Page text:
Dissertation writing

If you’re in third or fourth year, you’ve probably started to think (or worry!) about your dissertation. Having to write your own research project is a scary thought! Having just completed my own history dissertation, I’ve learned a lot about the process. The dissertation marking criteria varies a lot depending on which school you are studying. For example, a dissertation written for the school of humanities will look significantly different from one written for school of social sciences. Having said that, here are some tips that can be applied to most dissertations.

 

  1. Pick a topic that you love.
  • Picking a subject that you enjoy might seem pretty obvious. Since you’ll be working on your dissertation over several months, take the time to think of a topic that you are passionate about, as this will make the whole process more enjoyable.
  • It may be tempting to pick a subject because you think that it’ll be easier. But, if you aren’t enthusiastic about the topic, its more than likely that you will lose motivation. Make sure that your project is something that you can engage with. Pick a topic you are really interested in to keep you motivated throughout.

 

2. Make yourself a schedule.

  • Before you start writing your dissertation, you need to have a rough idea of when your project is due. Make a list of important dates to keep yourself on track.
  • Set yourself personal deadlines, and have an idea of what you would like to achieve at a certain point. If you’re dissertation is split into 5 sections, an introduction, 3 chapters and a conclusion, personal deadlines can help you to split your time evenly between these areas. This will help you falling into the trap of spending months on the first half of your dissertation, and leaving only a couple of weeks to finish your argument and conclude.
  • Make sure that you factor time in for proof reading, printing and binding.

 

3. Understand that your research question will change throughout.

  • It’s impossible to pin down exactly what your dissertation will argue at the very beginning when you first start to write it. This is when a ‘working title’ comes in handy, as it gives you a rough idea of what you’re researching, without nailing down your key argument. Throughout your writing process, your arguments will evolve and develop as you come across key sources and information.
  • In my experience, the dissertation title that I proposed in June was very different in comparison to my final question.

 

4. Write your introduction last.

  • Following from the previous point, at the beginning of your dissertation, you have no idea what information you are actually going to find. This makes it almost impossible to clearly set out what you’re going to say in your introduction, when even you don’t know what you are going to come across and therefore have no idea what you are introducing!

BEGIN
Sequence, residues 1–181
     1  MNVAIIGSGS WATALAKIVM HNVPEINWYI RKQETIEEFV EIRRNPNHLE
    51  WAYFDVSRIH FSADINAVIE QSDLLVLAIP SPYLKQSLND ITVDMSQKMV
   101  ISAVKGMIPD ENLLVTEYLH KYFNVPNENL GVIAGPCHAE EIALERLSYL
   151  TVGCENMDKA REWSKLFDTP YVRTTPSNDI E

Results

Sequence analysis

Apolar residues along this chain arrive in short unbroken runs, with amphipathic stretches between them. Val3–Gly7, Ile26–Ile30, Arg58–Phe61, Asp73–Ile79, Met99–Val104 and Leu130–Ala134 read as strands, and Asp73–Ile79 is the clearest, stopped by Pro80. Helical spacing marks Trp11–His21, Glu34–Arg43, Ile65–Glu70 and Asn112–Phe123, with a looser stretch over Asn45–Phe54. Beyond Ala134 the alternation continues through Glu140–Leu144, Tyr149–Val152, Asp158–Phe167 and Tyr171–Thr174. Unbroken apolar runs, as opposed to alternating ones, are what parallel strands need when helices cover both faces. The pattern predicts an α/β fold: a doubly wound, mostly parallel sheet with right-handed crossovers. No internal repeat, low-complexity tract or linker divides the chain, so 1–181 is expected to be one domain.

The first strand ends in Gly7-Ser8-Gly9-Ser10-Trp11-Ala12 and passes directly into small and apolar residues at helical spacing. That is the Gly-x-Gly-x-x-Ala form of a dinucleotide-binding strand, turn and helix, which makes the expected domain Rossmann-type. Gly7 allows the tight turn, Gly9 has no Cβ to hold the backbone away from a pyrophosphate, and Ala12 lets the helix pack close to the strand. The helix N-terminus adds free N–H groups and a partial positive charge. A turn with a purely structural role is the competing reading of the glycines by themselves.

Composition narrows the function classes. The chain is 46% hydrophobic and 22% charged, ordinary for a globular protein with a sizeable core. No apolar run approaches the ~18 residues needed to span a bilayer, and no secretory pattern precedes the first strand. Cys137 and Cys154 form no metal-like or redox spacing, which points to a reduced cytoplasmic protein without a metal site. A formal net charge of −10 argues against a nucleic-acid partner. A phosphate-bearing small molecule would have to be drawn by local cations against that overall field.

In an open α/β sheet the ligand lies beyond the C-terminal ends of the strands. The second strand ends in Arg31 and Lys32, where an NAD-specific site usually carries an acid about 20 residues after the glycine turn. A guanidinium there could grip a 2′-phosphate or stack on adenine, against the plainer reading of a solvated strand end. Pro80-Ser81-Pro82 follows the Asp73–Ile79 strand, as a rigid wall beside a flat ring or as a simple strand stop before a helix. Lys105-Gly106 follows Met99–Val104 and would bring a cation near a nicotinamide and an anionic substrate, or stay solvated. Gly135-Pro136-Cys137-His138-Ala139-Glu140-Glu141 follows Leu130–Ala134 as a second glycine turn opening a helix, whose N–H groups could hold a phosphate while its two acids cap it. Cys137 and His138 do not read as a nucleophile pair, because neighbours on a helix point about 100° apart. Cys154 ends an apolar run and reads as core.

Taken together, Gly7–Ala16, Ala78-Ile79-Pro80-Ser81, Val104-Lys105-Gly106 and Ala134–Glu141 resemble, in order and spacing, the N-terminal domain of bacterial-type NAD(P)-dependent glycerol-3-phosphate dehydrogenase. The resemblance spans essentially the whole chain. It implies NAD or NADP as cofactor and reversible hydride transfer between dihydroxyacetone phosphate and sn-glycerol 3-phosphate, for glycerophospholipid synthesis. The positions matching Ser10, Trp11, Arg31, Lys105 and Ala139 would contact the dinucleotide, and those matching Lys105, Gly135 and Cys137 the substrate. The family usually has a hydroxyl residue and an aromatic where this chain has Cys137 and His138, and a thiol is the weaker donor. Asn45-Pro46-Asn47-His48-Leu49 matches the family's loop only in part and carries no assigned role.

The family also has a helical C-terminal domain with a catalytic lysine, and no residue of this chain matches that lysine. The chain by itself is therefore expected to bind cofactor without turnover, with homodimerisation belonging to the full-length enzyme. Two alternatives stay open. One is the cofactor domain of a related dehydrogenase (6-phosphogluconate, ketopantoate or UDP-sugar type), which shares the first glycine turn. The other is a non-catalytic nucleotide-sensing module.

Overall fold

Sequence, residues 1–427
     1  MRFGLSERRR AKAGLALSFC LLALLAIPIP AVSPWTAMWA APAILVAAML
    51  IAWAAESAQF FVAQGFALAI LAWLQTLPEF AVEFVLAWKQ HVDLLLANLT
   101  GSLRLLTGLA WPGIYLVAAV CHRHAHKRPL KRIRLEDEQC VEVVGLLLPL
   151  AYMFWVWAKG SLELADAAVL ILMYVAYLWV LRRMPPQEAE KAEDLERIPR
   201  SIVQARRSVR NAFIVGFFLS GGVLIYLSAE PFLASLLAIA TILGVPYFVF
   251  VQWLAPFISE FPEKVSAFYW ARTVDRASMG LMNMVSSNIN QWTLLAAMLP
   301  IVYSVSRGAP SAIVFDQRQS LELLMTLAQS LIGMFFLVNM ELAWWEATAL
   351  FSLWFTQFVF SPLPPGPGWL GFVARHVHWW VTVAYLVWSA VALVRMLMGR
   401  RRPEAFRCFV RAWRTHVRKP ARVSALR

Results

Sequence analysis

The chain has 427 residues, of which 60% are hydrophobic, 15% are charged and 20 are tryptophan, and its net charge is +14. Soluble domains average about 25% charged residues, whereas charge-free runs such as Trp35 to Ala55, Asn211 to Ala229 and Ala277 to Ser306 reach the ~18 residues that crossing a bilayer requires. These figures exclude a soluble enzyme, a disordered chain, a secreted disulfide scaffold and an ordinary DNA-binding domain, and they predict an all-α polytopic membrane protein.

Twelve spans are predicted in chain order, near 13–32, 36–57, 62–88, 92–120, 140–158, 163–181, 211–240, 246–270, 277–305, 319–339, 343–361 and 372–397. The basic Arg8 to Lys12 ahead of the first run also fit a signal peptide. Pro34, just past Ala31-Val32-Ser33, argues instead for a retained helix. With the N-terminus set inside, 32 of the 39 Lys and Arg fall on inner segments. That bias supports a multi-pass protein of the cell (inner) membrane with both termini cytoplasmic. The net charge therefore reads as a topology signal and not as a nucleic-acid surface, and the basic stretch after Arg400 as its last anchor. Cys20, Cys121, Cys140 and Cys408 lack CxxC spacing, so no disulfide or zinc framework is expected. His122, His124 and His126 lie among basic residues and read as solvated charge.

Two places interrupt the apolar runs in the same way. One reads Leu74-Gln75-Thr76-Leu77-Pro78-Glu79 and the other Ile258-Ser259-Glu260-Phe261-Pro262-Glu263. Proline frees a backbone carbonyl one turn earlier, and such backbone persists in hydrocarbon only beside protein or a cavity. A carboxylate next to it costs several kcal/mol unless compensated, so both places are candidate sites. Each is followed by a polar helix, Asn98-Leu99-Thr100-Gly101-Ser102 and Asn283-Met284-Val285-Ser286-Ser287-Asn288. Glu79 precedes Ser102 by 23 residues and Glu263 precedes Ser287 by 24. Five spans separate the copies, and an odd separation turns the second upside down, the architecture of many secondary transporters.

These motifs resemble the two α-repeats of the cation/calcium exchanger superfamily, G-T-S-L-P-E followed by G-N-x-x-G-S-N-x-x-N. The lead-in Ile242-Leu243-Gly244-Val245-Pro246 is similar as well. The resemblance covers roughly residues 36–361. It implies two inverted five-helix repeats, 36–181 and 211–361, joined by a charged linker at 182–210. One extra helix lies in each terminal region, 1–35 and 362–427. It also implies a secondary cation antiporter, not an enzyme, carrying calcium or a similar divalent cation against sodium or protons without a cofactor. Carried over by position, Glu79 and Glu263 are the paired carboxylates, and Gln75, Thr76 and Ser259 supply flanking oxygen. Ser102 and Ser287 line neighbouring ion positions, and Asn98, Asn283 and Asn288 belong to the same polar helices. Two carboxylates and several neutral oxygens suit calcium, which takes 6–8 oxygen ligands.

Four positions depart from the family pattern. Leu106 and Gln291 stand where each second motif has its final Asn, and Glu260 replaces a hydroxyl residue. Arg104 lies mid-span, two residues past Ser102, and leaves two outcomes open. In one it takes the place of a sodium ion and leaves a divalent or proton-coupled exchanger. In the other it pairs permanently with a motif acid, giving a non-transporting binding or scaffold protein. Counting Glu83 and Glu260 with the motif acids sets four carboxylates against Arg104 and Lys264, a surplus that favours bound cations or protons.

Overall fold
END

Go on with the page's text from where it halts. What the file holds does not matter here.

• Once you’ve written your first draft of your dissertation, you’ll have a good idea of you’re key arguments and the body of your research. This makes it easier, as at this point you know exactly what you are introducing, and the arguments that your dissertation will go on to make.

 

5. Get feedback!

  • Go and see your supervisor regularly to ensure that you are on the right track. While your supervisor can’t tell you what to do, they can point you in the right direction and let you know if your work is relevant.
  • Generally, your adviser will mark a plan or a rough outline of what you plan to say in your dissertation. Use this feedback!

 

6. Reference regularly!

  • Referencing is a huge part of a humanities dissertation, as engaging with current historiography and analysing primary sources allows for a more developed argument.
  • Try to keep on top of your referencing throughout. This may be a pain, but it’ll save time in the long run!
  • With internet sources and online libraries such as the Jstor, its easy to forget where you sourced your information.
  • By taking careful notes of references, you won’t need to spend hours trying to find source details to add to your bibliography.

 

7. Give yourself breaks.

  • Finally, and perhaps most importantly, it’s important to let your brain rest.
  • Make sure you allow for relaxation in your dissertation schedule.
  • I personally always gave myself the weekend off, as I saw it as an opportunity to unwind and recharge! You don’t want to burn yourself out.
  • The saying “you cant pour from an empty cup” comes to mind here.

 

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